Trash It, Don't Flush It - Part Two
Last month, we talked about how drains (toilets, sinks, etc.) are not trash cans, and that the wastewater system can’t handle garbage including floss, wipes and hygiene products. These items should instead be disposed of in your curbside trash or dumpster.
This month we'll focus on chemicals, which can harm the treatment plant and environment. Many common household products contain hazardous ingredients that can be dangerous to children, pets, and others. They could also cause problems in your wastewater line if poured down the drain or toilet.

Look at labels for words like caution, danger, flammable, combustible, corrosive, caustic, warning, toxic, and poison. Do not dump any of the following down the drain:
  • motor oil and auto fluids
  • pesticides, fertilizers and lawn care products
  • paint, varnish, paint remover
  • photographic chemicals
These products should be safely disposed of at the   Lane County Household Hazardous Waste Collection Center .

Note: Medications (prescription and over-the-counter) should not go down the drain either. Bring them to any of these nearby locations for safe, convenient disposal:
  • Springfield Justice Center, 230 4th St,Springfield, 8 a.m.-5 p.m., Monday-Friday
  • Lane County Sheriff’s Office, 125 E. 8th St, Eugene, 9 a.m.-5 p.m., Monday-Friday
  • Eugene Police Department, 300 Country Club Road, Eugene, open 24 hours
Thank You to Our Operators
On average, our treatment plant receives about 1.5 million gallons of wastewater every hour . Water from showers, toilets and dish washing, out of homes, restaurants and hospitals - at all times of day. Basically, what we're saying is, the water never stops so neither does our staff! They are on site 24 hours a day, every single day of the year, making sure the process is running smoothly at all times.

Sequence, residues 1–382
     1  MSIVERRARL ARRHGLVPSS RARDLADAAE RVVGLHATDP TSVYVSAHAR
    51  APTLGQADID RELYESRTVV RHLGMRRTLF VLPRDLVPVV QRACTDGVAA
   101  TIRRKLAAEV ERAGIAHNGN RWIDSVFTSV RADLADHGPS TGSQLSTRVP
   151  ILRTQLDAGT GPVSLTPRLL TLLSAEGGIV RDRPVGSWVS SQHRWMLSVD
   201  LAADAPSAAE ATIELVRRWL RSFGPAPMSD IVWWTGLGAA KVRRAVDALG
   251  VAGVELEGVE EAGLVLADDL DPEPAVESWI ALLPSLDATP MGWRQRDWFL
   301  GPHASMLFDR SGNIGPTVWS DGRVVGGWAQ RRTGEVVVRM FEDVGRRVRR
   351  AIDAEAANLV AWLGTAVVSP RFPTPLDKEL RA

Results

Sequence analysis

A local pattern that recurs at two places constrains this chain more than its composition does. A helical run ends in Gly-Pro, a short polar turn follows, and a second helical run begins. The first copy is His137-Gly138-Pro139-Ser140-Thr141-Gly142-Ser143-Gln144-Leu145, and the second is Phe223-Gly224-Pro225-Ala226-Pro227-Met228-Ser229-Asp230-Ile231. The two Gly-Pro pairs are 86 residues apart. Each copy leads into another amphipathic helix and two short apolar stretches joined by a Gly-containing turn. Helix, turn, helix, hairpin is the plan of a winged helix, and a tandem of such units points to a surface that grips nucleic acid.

Please join us in thanking our hard-working staff for the crucial but often unseen
job they do!! 
Winter Billing Cycle is Here
If you study your December bill from   Eugene Water & Electric Board  or  Springfield Utility Board , you may notice a change in the wastewater portion. That’s because wastewater service charges include a flow-based fee, determined by your actual water usage during the winter weather months (December through April), plus a standard base charge. The flow-based fee measures water that goes down the drain and needs to be cleaned.

During the other months of the year (May through November), the wastewater portion of your bill is based on the average of your winter water usage or actual usage, whichever is less – to account for outdoor water use including irrigation, which isn’t treated as wastewater. If you find there is a significant increase on the wastewater portion of your December bill (that doesn’t seem to match with an increase in your household’s or business’ water usage), it might indicate a potential water leak.   Learn how to check for a water leak  and  learn more about the wastewater service portion of your utility bill .
Happy Holidays!
From all of us at the Metropolitan Wastewater Management Commission, we hope you have a wonderful holiday. We look forward to meeting your wastewater needs now and throughout the New Year.
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